Representatives from across the Central West gathered in Dubbo on Friday to help the region’s councils become better prepared for natural disasters.
The Disaster Ready Councils Forum was presented by the Hunter Regional Organisation of Council (HROC)’s regional project manager – disaster resilience, Ian Turnbull at Cascades Motor Inn.
After a year which has seen both fire and flood cripple parts of the region, Mr Turnbull said preparedness could be the difference between a community bouncing, or crawling, back from a disaster.
“Councils are the cornerstone of their communities and residents and community members expect council to do a whole range of things – regardless of whether they’re legislated to do it or not,” Mr Turnbull said.
“For every dollar you put into preparedness, you save anywhere between $6 and $10 in recovery.
“Councils pretty much take the lead in recovery because they have those relationships with community and know what the community’s capacity is.”
Councils pretty much take the lead in recovery because they have those relationships with community and know what the community’s capacity is.Ian Turnbull.
Friday’s forum was one of five held across the state, and was presented in partnership with the NSW Office of Emergency Management and Statewide Mutual (the body that insures most councils in NSW).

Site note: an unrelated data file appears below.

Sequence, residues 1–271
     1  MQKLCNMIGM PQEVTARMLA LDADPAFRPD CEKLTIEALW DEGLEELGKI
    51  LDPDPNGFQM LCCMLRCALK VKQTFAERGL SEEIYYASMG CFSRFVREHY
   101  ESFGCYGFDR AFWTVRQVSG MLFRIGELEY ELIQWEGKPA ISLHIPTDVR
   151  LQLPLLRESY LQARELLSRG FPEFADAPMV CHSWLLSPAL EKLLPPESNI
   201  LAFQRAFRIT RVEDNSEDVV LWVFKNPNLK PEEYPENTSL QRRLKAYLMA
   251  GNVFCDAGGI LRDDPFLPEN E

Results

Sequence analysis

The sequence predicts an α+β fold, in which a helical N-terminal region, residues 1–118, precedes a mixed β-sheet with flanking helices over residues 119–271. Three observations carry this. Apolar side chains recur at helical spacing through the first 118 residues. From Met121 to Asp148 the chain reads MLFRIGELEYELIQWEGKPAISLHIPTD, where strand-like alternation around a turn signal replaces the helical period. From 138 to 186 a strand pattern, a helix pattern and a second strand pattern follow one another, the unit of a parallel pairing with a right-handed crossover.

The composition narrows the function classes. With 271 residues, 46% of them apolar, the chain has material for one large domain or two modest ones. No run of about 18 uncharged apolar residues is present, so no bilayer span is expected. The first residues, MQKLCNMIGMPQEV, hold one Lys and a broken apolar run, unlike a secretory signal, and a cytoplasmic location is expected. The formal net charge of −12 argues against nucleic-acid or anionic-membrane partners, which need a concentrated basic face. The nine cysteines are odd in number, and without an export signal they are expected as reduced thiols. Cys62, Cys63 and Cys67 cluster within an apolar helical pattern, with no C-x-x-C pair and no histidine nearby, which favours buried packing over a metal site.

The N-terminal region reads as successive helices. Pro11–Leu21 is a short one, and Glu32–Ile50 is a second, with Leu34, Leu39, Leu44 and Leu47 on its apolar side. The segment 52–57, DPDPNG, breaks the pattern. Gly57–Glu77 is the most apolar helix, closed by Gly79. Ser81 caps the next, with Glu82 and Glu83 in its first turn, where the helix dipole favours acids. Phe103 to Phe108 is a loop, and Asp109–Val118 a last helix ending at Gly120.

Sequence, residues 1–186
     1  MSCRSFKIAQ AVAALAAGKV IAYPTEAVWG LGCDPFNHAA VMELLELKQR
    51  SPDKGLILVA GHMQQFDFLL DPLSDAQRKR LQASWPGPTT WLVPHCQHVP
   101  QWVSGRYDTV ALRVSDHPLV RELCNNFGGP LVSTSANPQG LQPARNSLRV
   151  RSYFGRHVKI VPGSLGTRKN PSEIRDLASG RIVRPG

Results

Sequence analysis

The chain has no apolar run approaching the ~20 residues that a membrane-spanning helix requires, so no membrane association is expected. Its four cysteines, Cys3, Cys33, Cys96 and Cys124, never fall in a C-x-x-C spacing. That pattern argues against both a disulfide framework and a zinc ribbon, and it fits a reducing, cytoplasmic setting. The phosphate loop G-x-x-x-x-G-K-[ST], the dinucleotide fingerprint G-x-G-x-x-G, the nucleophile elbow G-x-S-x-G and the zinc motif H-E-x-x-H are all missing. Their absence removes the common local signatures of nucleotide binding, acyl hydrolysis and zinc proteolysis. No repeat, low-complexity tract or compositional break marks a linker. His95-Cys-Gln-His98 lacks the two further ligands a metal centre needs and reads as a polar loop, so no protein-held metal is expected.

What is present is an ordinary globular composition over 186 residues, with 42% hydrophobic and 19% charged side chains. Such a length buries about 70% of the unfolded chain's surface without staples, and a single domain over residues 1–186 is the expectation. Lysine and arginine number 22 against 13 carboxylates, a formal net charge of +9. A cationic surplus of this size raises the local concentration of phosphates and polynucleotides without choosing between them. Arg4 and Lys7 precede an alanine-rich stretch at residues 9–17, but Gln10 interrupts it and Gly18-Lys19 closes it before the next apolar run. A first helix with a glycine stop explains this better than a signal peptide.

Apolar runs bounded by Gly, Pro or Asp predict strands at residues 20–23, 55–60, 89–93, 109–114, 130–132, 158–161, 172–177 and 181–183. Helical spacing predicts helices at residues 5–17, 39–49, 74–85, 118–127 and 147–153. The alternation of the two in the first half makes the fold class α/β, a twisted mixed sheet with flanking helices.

About a dozen councils were represented at the forum, including Narromine, Bogan, and Lachlan.
Representatives heard a local case study – things the Warrumbungle Council had learned from the Sir Ivan Fire – and discussed any inefficiencies or gaps in their own disaster readiness.
The information will be used to shape resources and procedures, which will be presented at another forum early next year.
Mr Turnbull said NSW councils had received 1000 natural disaster declarations in the past 10 years – including 17 in the Lachlan Shire alone.
Apart from the physical cost, Mr Turnbull said disasters also had a human cost.
“Every dollar in infrastructure costs for a disaster, there’s an equal amount … in terms of the impact on people’s mental health,” he said.
“Response and recovery pretty much happen at the same time. The lights and sirens go, but the people are already in there getting ready to recover so if your council is ready to jump in there as soon as it’s off, then you get a much better outcome for your community.”
The Disaster Ready Councils project has been funded by the NSW government.